Transactions, balance sheet items and unrealised results on transactions between group companies are eliminated. Where necessary, the accounting policies of subsidiaries are brought into line with those applied by the group.
2.3. Operating segments
Operating segments are reported in accordance with internally reported information to the chief operating decision-maker. The Executive Board is regarded as the chief operating decision-maker responsible for the allocation of funds to and the assessment of the operating segments.
The group is structured into countries and further analysed on a segment basis. The Executive Board bases its decisions on this. Disclosure on the operating segments is in keeping with this grouping, with a number of countries and segments being combined due to their size.
2.4. Foreign currency
Line items in the financial statements of the various group companies are measured in the currency of the primary economic environment in which each entity operates (the functional currency).
2.4.2. Foreign currency transactions and translation
Transactions in foreign currency are translated into the functional currency at the exchange rate applicable at the date of the transactions. Currency translation differences resulting from the settlement of these transactions and the translation of the monetary assets and liabilities denominated in foreign currency at the balance sheet date are recognised as net finance costs in the income statement.
2.4.3. Group companies
The results and financial positions of group companies with a functional currency other than the euro are calculated as follows:
- assets and liabilities, including goodwill and fair-value adjustments arising on consolidation, are translated into euros at the exchange rates applicable at the balance sheet date. Currency translation differences are recognized in other comprehensive income;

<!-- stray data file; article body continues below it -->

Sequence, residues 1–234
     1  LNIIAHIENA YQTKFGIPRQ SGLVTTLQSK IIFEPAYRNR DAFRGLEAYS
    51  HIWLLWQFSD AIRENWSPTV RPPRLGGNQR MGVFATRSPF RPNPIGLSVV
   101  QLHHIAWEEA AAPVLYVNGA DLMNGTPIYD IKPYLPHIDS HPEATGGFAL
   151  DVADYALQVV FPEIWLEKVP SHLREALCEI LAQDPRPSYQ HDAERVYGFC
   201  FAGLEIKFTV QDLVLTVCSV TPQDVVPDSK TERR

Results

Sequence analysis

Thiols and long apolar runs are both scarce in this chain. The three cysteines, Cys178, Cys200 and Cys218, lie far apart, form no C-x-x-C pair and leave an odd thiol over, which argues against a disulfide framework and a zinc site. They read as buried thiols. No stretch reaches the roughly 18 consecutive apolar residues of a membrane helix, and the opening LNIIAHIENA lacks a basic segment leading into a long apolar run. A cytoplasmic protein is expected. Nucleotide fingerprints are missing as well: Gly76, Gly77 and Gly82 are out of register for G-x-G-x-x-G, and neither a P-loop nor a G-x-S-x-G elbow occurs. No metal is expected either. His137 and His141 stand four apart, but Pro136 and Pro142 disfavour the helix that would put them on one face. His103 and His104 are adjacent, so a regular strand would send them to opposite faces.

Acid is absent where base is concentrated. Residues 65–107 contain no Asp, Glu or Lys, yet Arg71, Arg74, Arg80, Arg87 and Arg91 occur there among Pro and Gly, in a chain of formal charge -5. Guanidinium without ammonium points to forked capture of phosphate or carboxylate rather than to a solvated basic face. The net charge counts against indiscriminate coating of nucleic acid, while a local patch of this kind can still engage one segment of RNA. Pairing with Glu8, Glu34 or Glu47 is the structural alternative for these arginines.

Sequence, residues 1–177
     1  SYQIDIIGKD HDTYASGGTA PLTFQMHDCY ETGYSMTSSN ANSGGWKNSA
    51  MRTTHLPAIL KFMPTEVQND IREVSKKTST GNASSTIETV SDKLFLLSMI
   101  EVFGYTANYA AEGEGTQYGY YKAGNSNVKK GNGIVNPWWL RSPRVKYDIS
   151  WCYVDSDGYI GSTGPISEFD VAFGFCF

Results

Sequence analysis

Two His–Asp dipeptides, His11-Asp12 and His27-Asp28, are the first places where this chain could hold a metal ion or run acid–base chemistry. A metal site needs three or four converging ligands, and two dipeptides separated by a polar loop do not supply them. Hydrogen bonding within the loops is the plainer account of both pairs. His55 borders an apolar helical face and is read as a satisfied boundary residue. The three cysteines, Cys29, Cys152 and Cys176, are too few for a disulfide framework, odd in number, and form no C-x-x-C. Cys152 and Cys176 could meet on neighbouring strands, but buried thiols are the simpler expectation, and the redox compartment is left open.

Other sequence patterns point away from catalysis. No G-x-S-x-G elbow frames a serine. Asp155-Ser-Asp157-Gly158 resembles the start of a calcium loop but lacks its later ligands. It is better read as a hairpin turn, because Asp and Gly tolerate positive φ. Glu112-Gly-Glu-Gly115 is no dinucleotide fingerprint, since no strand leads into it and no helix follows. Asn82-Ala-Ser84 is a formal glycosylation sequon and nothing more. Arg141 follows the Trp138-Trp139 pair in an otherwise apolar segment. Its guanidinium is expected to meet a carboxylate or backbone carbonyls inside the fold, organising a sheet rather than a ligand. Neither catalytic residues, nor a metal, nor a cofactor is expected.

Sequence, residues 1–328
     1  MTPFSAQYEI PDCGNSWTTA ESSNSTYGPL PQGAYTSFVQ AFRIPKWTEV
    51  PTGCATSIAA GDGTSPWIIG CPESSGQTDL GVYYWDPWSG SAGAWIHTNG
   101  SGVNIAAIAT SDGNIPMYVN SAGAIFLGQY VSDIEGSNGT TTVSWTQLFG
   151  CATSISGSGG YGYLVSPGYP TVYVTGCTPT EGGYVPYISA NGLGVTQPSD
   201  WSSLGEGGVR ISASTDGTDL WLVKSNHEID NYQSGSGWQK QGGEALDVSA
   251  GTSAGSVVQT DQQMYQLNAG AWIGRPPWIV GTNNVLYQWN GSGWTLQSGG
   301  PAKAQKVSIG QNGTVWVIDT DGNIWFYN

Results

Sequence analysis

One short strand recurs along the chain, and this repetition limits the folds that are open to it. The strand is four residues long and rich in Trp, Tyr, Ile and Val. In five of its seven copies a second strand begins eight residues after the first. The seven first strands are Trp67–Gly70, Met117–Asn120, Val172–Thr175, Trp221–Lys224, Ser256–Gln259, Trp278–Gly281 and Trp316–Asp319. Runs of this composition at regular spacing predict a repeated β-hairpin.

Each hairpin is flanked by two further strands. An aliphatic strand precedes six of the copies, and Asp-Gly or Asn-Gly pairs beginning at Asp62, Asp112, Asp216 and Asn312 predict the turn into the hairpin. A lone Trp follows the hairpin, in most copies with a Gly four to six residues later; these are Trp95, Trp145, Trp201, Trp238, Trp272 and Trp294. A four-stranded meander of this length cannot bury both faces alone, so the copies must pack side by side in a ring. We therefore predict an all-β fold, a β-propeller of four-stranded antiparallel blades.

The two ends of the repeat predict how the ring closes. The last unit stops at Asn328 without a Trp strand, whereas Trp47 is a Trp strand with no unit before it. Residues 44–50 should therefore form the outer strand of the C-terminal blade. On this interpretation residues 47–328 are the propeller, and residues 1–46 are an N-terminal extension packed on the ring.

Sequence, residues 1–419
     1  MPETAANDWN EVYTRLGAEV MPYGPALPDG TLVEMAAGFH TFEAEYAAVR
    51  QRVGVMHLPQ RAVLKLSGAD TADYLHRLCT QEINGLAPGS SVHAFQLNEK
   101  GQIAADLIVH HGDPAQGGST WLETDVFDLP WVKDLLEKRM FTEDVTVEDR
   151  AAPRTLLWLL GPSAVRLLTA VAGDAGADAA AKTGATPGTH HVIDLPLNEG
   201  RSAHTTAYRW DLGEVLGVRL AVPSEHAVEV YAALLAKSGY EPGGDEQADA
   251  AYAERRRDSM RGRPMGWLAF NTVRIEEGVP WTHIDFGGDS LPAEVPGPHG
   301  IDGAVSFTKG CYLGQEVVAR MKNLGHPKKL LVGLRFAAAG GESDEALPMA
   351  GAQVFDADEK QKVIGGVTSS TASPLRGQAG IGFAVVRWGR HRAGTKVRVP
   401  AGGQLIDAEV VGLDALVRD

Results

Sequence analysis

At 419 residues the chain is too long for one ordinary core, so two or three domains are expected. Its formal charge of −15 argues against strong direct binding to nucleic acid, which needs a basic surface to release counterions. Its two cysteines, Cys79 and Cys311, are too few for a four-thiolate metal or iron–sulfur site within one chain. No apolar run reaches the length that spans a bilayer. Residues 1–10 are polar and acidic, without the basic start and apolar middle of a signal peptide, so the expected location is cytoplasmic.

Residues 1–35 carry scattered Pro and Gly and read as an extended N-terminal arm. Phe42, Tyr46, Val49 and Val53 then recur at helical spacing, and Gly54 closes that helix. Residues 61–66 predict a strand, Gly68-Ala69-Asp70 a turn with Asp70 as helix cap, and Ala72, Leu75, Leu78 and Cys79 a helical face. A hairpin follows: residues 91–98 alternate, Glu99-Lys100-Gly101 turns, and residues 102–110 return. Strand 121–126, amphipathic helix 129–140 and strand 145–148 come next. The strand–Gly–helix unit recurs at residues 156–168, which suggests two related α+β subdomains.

- income and expenses are translated into euros at rates approximate to the exchange rates applicable at the date of the transaction.
In the event of the complete or partial divestment of foreign group companies with a currency other than the euro, currency translation differences are recognised in the income statement as net income from divestments.
2.5. Property, plant and equipment
Property, plant and equipment are carried at historical cost less depreciation, determined on the basis of estimated useful life and impairment losses. Historical cost consists of all expenses directly attributable to the acquisition of the asset.
Depreciation expenses are charged to the income statement using the straight-line method based on the estimated useful life of an asset according to the component method. There is no depreciation on land.
The estimated useful life of property, plant and equipment varies according to category, as shown below:
Furnishings and conversions
5 - 10
Computer and peripherals
3 - 5
Other fixed assets
The residual value, method of depreciation and depreciation period are reviewed annually at the balance sheet date and adjusted if necessary by a change in the estimate for the financial year and subsequent periods.
Goodwill arises from the acquisition of subsidiaries and is calculated as the difference between the consideration transferred and the fair value at acquisition date of the identifiable assets, liabilities and contingent liabilities acquired. For the purpose of impairment testing, goodwill is allocated to those groups of cash-generating units expected to benefit from the acquisition.